New Documents Detail Prosecutors’ Concerns That Bitfinex Hack Laundering Suspects Would Flee

Prosecution also combatted the defense portrayal of Heather Morgan as an unwitting accomplice to her husband’s alleged crimes.

AccessTimeIconFeb 11, 2022 at 12:43 a.m. UTC
Updated Feb 11, 2022 at 6:21 p.m. UTC

Cheyenne Ligon is a CoinDesk news reporter with a focus on crypto regulation and policy. She has no significant crypto holdings.

Hours after a New York magistrate judge ordered two individuals accused of laundering bitcoin from the 2016 Bitfinex hack released on bond following their arrest on Tuesday, a federal judge struck down the order, staying their release from custody.

New documents filed Thursday provide additional evidence against Ilya “Dutch” Lichtenstein and Heather Morgan and describe prosecutors’ concerns that the couple are “sophisticated defendants with the means to flee and ample incentive to do so.”

Lichtenstein and Morgan, a married couple living in New York, were arrested on Tuesday for allegedly laundering about 120,000 bitcoins – valued at $4.6 billion now – from the Bitfinex theft.

In late January, federal agents decrypted a file stored on one of Lichtenstein’s cloud accounts that contained the private key to a wallet containing 94,636 BTC (worth about $3.6 million), which was then seized by the Treasury Department. Outside of a series of small transfers in 2017 aimed at laundering a portion of the funds, the government says the “majority” of the stolen funds in Lichtenstein’s wallet were unmoved from August 2016 until the seizure in January.

According to the report, Lichtenstein kept a spreadsheet on his computer of fake personas and accounts the couple allegedly used to launder money through exchanges,

The defendants are believed to have about $330 million worth of bitcoin that hasn't been discovered yet, as well as “significant additional assets.”

Lichtenstein, a dual U.S.-Russian citizen, was found to have a document on his computer called “passport_ideas” that contained stolen biographical information purchased from a darknet marketplace, as well as links to darknet marketplace providers of false identity documents, prosecutors said. Prosecutors also noted during the arraignment that Morgan was learning Russian, which the couple’s lawyers dismissed as irrelevant.

However, the documents released Thursday say the couple “established financial accounts in Russia and Ukraine and appear to have been setting up a contingency plan for a life in Ukraine and/or Russia prior to the COVID-19 pandemic.”

According to the most recent documents, the government has also taken steps to combat the defense’s position at the Tuesday arraignment that Morgan was less involved in the scheme than her husband. Prosecutors allege that Morgan played an “integral role in the money laundering and fraud scheme.”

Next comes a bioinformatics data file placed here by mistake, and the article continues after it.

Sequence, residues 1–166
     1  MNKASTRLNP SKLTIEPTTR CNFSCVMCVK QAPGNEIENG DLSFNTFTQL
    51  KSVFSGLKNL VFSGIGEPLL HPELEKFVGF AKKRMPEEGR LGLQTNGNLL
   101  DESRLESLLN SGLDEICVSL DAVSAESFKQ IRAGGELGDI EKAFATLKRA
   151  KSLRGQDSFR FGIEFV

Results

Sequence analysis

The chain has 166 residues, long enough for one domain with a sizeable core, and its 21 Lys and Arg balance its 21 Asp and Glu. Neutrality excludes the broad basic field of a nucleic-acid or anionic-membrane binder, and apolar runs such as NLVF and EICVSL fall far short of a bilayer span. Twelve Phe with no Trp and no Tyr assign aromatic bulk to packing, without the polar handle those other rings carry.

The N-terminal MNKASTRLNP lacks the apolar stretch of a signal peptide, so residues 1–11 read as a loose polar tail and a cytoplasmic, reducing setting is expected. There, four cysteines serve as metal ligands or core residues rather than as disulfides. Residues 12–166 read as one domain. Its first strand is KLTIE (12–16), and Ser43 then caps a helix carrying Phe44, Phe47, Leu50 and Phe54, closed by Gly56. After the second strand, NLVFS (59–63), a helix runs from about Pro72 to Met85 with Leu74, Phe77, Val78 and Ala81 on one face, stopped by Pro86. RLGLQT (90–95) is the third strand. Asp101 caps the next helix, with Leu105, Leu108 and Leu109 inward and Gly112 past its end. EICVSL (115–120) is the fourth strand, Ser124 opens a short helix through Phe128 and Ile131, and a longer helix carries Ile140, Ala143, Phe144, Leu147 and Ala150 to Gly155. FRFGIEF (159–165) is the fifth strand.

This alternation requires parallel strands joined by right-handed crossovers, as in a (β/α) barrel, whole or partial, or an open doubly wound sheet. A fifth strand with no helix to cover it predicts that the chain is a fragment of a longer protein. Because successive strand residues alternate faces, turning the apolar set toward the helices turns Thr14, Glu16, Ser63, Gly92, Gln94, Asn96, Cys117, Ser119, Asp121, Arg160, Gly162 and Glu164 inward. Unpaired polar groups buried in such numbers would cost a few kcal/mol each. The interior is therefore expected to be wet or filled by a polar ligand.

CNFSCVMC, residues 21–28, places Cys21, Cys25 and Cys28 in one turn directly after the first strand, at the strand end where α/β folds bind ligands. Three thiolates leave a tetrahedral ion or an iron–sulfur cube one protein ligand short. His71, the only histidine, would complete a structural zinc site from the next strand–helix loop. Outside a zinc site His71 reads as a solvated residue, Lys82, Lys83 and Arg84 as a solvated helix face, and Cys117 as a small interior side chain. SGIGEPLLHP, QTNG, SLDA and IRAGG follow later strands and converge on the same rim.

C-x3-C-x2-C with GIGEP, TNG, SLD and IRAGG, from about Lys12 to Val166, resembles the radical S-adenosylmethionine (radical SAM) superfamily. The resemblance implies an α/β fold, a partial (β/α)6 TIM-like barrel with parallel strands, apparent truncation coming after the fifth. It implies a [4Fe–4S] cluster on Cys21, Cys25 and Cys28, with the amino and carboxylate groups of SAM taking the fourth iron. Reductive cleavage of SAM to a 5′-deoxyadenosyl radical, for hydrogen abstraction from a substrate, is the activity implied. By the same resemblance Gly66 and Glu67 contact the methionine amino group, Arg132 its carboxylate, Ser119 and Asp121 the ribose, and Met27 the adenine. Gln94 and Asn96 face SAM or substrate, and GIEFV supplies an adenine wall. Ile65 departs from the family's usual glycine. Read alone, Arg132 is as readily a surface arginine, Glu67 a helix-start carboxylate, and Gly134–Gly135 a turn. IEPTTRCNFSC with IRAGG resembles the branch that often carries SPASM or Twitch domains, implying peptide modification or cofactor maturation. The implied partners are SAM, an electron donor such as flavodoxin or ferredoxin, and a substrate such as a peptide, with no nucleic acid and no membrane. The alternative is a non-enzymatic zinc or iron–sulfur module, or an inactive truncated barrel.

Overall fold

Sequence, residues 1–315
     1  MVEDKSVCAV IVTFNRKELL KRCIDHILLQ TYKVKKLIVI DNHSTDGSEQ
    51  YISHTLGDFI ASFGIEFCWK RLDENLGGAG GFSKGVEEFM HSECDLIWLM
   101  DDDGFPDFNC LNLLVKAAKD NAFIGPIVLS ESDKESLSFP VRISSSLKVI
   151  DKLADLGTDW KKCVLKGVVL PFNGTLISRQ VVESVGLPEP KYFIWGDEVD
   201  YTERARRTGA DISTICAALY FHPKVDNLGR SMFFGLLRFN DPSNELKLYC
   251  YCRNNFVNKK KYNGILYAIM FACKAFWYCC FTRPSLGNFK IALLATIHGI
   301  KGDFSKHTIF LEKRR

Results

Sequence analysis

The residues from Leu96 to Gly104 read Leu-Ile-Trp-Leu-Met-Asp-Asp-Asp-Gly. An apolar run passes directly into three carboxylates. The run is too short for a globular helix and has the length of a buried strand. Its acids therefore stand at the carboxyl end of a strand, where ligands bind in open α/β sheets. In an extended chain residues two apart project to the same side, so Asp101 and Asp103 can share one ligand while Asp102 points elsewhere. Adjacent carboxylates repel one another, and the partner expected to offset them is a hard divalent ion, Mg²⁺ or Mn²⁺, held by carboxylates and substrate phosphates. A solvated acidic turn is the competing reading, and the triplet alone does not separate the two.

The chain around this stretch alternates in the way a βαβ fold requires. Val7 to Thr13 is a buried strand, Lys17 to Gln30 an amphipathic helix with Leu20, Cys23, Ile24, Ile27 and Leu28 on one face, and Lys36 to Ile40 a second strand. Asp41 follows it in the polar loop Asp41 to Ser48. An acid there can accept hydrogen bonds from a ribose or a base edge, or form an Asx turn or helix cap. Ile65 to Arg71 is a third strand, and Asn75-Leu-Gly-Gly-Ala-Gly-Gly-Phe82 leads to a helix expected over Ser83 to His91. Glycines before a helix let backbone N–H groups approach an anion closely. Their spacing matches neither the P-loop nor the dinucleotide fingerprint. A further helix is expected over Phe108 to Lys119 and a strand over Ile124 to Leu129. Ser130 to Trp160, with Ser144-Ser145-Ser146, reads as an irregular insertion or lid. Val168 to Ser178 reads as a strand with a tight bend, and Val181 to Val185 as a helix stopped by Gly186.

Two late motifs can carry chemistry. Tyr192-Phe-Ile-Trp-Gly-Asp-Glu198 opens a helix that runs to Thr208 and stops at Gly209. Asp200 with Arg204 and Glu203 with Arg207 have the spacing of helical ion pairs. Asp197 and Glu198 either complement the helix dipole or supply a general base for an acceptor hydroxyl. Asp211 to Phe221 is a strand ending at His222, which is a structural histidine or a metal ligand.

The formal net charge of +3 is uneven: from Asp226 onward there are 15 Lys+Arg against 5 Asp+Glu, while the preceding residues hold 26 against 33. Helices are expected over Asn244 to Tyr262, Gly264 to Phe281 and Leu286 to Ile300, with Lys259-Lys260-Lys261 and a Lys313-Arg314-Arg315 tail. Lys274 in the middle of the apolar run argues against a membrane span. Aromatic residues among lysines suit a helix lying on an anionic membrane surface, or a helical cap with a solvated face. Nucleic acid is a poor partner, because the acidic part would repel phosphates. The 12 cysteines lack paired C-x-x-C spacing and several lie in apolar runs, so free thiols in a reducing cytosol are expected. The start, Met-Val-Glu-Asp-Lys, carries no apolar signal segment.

Prosecutors say Morgan frequently lied to banks and her own accountant when questioned about suspicious account activity, explaining away big transfers as a gift from Lichtenstein that she “had been keeping [in] cold storage,” or proceeds from her copywriting business, SalesFolk.

Morgan is accused of directly participating in the laundering by transferring money to SalesFolk-controlled accounts from a Hong Kong-based shell company that the government said the couple created to launder money.

Additional information about the searches of the couple’s Financial District apartment was also provided in Thursday’s documents.

Prosecutors say that at a Jan. 5 search of the couple’s phone, agents had to “wrest [Morgan’s] phone from her hands” after she attempted to lock it while pretending to get the couple’s cat, Clarissa, from under their bed.

Under the bed, agents found a “bin containing various bags holding multiple cellphones, SIM cards and assorted electronics,” including a plastic bag labeled “burner phones.”

In Lichtenstein’s office, agents found “two hollowed-out books, whose pages appeared to be roughly cut out by hand.” The cavities were empty.

Law enforcement also found over $40,000 in cash and a “substantial amount of foreign currency” (the origin was not noted in the documents).

One thing missing from the couple’s apartment were gold coins prosecutors say they previously purchased with bitcoin from a precious metals dealer. Though the government says the couple has at least “70 one-ounce gold coins,” not a single coin was found at the residence or a known storage unit.

Defense attorneys have filed a motion urging the court to reconsider its decision to keep the couple detained pending trial.

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Cheyenne Ligon is a CoinDesk news reporter with a focus on crypto regulation and policy. She has no significant crypto holdings.

CoinDesk - Unknown

Cheyenne Ligon is a CoinDesk news reporter with a focus on crypto regulation and policy. She has no significant crypto holdings.

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